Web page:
Alexis Morante’s documentary covers the life and times of the legendary Spanish singer who was the closest thing flamenco had to a ’70s rock star.
Jose Monge Cruz, better known as Camaron de la Isla, was the greatest flamenco singer of his generation, making him long overdue for a proper filmic biography, given that Jaime Chavarri’s 2005 biopic failed to deliver the goods. Alexis Morante’s documentary Camaron: Flamenco and Revolution goes some way toward doing justice to the man whose voice, in the words of his friend and longtime guitarist Paco de Lucia, “evokes the desolation of his people.” But the finally enigmatic nature of Camaron himself, plus the passage of time (he died at 41 in 1992), mean that although the film will be required viewing for flamenco fans, it’s unable to peel back any new layers.
That said, this is an invaluable record, and Camaron’s international following should bring TV sales, with sidebar screenings at Hispanic-themed festivals also a possibility.
The voiceover by veteran Spanish actor Juan Diego is lively, humorous and involved, the lines acted rather than recited. Camaron (which means “prawn,” an uncle supplying the name because he thought the younger singer looked like one) was born into numbing poverty in 1950 Andalucia, going on to make a reputation at the legendary Venta de Vargas (Vargas Inn). The film charts, straight down the timeline, his years-long professional collaboration with the great de Lucia, a relationship that would later sour; the journey to Madrid to play, as the voiceover tells it, “for the foreigners”; his marriage; and his attempts to take flamenco international, including a performance with the London Philharmonic.
The Camaron legend in Spain is romanticized by his striking appearance; his addictions during the 1980s, when heroin was Madrid’s drug of choice; his latter-day financial issues; and his tragic early death, which has given him “dead rock star” status. (The doc happily buys into this, but makes it quite clear, defying the lazy rumors, that Camaron sadly died from lung cancer and nothing more rock star-ish.)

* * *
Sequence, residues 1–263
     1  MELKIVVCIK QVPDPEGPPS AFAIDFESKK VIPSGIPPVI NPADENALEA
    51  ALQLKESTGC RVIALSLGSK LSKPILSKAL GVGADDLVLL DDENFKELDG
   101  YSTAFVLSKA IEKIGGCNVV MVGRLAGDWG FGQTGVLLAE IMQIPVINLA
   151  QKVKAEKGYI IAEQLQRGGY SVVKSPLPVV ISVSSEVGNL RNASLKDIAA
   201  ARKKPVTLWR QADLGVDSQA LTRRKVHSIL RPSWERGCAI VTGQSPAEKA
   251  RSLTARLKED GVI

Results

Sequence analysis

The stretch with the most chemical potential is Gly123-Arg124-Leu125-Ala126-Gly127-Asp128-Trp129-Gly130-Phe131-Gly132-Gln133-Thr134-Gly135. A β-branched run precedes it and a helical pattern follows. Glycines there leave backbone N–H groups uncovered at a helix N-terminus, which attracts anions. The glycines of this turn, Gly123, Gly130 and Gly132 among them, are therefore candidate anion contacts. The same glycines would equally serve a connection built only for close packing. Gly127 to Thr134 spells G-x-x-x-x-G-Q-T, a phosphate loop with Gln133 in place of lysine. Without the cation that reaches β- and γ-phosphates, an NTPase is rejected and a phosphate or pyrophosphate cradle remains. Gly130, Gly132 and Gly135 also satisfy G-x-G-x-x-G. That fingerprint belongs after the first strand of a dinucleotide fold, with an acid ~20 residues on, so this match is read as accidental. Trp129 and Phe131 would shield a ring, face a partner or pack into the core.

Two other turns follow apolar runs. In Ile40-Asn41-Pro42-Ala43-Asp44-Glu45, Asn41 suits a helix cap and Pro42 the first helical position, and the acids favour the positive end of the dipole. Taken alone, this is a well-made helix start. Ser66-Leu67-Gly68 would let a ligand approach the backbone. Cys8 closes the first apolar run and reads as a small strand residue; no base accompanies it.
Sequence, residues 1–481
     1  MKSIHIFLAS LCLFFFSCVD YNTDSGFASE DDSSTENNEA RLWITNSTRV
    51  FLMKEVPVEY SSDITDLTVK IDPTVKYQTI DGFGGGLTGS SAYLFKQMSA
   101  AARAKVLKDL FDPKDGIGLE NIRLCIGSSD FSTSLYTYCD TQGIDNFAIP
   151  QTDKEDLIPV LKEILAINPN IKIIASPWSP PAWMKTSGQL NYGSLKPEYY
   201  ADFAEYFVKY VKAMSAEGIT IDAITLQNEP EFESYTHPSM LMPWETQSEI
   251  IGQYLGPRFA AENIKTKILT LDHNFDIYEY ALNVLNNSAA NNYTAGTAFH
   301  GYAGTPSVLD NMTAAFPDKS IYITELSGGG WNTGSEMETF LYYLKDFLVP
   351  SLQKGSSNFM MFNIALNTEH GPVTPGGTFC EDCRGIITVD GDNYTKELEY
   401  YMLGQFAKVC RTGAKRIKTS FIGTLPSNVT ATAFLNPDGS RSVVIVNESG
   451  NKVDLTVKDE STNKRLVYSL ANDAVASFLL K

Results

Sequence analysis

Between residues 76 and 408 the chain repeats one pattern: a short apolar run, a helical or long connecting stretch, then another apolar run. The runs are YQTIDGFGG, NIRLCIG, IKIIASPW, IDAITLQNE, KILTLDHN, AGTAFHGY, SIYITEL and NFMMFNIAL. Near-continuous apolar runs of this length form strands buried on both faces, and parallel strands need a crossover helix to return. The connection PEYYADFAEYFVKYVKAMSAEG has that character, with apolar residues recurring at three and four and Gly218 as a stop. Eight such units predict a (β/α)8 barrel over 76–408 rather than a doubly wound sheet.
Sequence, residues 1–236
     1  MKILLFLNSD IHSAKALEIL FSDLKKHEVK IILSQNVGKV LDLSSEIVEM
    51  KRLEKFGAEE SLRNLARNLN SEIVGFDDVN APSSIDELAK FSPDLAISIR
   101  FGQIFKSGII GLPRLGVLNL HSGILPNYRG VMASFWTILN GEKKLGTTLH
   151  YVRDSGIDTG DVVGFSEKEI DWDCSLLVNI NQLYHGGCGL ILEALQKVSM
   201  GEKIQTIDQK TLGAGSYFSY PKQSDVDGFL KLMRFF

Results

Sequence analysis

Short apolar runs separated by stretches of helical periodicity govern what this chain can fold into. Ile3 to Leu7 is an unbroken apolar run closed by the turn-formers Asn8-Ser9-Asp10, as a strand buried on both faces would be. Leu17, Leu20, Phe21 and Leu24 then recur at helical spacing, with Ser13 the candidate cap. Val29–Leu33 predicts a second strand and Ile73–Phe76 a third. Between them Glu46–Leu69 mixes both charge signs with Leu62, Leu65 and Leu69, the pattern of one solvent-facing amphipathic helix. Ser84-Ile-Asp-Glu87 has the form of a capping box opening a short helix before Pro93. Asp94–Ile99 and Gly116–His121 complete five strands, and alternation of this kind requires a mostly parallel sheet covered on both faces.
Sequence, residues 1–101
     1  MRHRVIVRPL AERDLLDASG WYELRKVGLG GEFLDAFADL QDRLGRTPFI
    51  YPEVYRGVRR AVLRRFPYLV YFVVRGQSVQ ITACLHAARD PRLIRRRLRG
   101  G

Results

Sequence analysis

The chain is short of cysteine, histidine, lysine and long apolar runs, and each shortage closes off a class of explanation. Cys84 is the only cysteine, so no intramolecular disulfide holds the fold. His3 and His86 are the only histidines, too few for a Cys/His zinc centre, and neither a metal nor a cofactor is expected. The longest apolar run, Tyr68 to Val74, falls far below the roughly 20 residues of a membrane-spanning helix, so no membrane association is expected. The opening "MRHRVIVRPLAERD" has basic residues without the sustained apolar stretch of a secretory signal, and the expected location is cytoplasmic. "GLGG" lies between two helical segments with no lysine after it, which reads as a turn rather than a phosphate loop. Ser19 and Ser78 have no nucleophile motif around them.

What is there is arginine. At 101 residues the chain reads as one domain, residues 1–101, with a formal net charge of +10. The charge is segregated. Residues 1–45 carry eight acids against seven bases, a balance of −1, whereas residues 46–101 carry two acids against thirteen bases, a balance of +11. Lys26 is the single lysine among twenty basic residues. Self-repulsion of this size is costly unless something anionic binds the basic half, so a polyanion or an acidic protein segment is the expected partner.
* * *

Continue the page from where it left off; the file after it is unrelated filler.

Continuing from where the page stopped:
Stunning scenes of his coffin being driven through the streets of his native Andalucia top and tail the story, thousands of people applauding in his honor — but these scenes apart, Morante’s film is able to evoke only in brief flashes either the crucial importance that Camaron had for his culture or what really made him special as an artist. By his own admission, he was a man of few words, which doesn’t help — as he says, what was key was what he carried inside him. The doc doesn’t touch that, and it’s unlikely that any film can.
While charting Camaron’s rise, the script keeps an eye on the sociology, too, with particular regard to the cultural ups and downs of flamenco as it became a cool genre for the rich kids of Madrid. The 1979 release of the revolutionary flamenco-electric fusion Leyenda del Tiempo was rather like the ’60s Bob Dylan going electric, a move which saw Camaron crucified by the stern purists who were still his idols. “People who don’t like listening to it should listen to it more,” was Camaron’s advice during one interview. And they did — Leyenda sold just 5,000 copies on release, but is now widely hailed as a masterpiece.
For good measure, we even get a concise history of the persecution of the Roma community of which Camaron was a part, ending with their genocide at the hands of the Nazis (the Roma term for their own, rarely discussed Shoah is the Porraimos). It’s necessary and fascinating, but what’s it doing in this particular film?
Though the story and the history are gripping, stylistically Camaron is a bit of a mess, with none of the attempts to break away from the standard concert and interview footage really working out. The many vertical shots of horses poetically running through various appropriate locations (New York included), to symbolize the singer’s free spriit, are pretty enough the first couple of times, but repeated too often, and the random animation sequences don’t really work. There are also a couple of attempts to animate black-and-white photos by moving, reframing and zooming in on them, and during a labored effort to show how unwell Camaron was feeling during one of his final performances, the original footage is unforgivably tampered with.
With a subject like this, none of this embellishment is necessary. All you really need is footage of the man singing in close-up, from somewhere deep in his soul — intense, compelling, technically incredible — a music that reaches far back into the past. So it’s with surprise and disappointment that the viewer reaches the end of Camaron: Flamenco and Revolution only to realize that the documentary hasn’t found time for a single complete performance of any one of his pieces.
Production companies: Lolita Films, Mediaevs
Director: Alexis Morante
Screenwriters: Raul Santos, Alexis Morante
Executive producer: Jose Carlos Conde
Director of photography: Juanma Carmona
Music: Miguel Torres, Julio Revilla
Editor: Raul Santos
Sales: Film Factory International